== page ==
|Feb 7, 2013 - Issue 503|
Brief Reflections on the Debate Surrounding
[Acknowledgment: Author wishes to express heartfelt appreciation to Bill Fletcher Jr., Professor Robyn C. Spencer, Professor Jeanne Theoharis, Professor Johanna Fernandez, Professor Farah Griffin, Professor Zak Kondo, Professor Komozi Woodard, Professor Clayborne Carson, Professor Ronda Levine, Professor Michael Vinson Williams, Garret Felber, Professor Waldo E Martin, Joshua Bloom, Zaheer Ali, Professor Barbara Ransby etc.,. and all who struggle for social justice. This brief article is dedicated to the memory of Dr Manning Marable. All errors herein are the sole responsibility of the author.]
“History is not everything, but it a starting point. History is a clock that people use to tell their time of day. It is a compass they use to find themselves on the map of human geography. It tells them where they are, but more importantly, what they must be.”
-Dr. John Henrik Clarke.
“It is vital to critique the mistakes of those who came before us.. to correct the mistakes and to emulate the success”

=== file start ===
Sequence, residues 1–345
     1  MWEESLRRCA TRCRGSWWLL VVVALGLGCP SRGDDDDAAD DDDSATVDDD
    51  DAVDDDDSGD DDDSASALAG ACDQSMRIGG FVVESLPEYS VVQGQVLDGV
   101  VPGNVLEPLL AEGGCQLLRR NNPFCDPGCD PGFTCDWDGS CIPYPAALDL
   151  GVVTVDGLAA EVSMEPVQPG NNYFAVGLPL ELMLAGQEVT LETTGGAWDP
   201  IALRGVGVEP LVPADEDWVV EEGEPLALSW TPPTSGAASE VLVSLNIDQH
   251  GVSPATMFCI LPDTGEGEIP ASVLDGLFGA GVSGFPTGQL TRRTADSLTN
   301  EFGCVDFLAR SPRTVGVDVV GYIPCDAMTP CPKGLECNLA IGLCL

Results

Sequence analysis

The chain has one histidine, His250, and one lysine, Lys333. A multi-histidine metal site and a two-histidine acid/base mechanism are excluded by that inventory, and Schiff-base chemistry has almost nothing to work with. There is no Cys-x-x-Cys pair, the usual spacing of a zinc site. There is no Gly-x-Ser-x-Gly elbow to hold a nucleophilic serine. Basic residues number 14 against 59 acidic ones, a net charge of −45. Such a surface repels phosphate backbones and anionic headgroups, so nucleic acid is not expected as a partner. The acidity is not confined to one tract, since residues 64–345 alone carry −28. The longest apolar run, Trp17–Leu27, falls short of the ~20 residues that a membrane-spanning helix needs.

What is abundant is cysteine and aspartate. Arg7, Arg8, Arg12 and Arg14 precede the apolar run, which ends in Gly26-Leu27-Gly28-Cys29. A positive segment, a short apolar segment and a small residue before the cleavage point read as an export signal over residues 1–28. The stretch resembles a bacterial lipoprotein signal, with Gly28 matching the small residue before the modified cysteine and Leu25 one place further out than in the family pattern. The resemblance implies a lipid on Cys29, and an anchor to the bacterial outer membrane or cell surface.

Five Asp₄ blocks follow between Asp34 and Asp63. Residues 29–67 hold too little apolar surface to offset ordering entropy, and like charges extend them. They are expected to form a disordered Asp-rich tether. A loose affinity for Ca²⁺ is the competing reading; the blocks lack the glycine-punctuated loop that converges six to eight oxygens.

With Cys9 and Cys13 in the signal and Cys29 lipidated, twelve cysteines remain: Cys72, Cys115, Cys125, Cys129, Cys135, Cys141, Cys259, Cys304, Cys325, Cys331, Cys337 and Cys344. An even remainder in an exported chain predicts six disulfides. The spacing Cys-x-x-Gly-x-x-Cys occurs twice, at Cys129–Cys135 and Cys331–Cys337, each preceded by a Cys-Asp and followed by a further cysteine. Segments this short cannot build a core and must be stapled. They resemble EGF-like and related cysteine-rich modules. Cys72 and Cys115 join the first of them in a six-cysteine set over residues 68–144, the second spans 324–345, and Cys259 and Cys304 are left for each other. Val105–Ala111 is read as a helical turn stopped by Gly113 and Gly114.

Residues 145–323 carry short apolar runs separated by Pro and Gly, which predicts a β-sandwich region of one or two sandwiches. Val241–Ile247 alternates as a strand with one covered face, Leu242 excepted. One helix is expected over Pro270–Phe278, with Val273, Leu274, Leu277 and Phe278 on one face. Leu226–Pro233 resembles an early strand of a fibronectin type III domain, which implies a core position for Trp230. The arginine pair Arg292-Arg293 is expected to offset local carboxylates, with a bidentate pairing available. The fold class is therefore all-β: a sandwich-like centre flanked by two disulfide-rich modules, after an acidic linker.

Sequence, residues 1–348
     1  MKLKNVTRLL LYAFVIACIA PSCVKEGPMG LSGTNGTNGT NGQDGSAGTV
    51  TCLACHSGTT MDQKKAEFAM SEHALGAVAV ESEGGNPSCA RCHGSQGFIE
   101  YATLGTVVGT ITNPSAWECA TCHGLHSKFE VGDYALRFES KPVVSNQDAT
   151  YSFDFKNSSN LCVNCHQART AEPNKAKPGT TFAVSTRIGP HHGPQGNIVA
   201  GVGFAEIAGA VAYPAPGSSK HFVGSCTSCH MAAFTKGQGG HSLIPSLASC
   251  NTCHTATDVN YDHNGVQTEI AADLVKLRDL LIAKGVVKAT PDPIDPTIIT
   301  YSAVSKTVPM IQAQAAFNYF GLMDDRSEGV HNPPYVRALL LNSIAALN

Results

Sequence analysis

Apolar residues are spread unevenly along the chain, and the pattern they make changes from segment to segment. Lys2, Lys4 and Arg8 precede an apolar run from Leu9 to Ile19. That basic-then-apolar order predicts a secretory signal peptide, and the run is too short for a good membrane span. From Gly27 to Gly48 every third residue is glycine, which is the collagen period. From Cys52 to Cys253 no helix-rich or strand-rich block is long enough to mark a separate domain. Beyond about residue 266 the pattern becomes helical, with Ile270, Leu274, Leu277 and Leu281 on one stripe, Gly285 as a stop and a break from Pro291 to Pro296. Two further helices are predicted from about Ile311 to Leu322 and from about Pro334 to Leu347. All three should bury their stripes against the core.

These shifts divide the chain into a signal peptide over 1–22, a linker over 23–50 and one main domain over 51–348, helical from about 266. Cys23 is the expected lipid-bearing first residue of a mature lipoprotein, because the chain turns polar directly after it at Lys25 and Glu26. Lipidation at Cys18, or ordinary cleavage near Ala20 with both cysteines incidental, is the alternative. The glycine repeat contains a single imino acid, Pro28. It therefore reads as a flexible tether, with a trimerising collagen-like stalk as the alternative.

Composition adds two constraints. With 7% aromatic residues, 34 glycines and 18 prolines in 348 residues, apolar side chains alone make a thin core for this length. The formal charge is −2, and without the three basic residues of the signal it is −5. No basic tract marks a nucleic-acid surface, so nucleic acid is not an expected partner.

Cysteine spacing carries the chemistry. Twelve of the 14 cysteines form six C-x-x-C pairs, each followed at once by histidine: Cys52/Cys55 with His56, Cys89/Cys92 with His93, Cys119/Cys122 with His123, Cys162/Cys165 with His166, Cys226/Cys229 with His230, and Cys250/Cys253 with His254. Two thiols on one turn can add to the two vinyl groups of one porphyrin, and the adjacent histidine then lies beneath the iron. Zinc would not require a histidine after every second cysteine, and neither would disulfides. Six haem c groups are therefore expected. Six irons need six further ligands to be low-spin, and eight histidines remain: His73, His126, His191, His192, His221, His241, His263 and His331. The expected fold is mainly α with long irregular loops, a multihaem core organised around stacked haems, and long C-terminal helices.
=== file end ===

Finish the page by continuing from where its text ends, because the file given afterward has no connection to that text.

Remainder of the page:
-Kwame Ture (Stokely Carmichael)
Casting Manning out of the community?
At a Colgate University October 24 2011 memorial
program on Manning Marable, in a panel discussion of scholars
including Professor Robin C. Spencer (
Pointedly, Professor Spencer described the
powerful nature of Dr Marable’s scholarship.
“Manning’s work was seen as a deeply threatening to people who have built up lives, careers, social cache etc., from representing certain aspects of the oppression of Black Folks but not all aspects of it… I see the critique of Manning’s work ‘Reinvention’ coming from that sort of vantage point … almost a vitriolic attempt to cast Manning out the community,” (emphasis added).
Tension between Family legacy rights, scholarly research and public access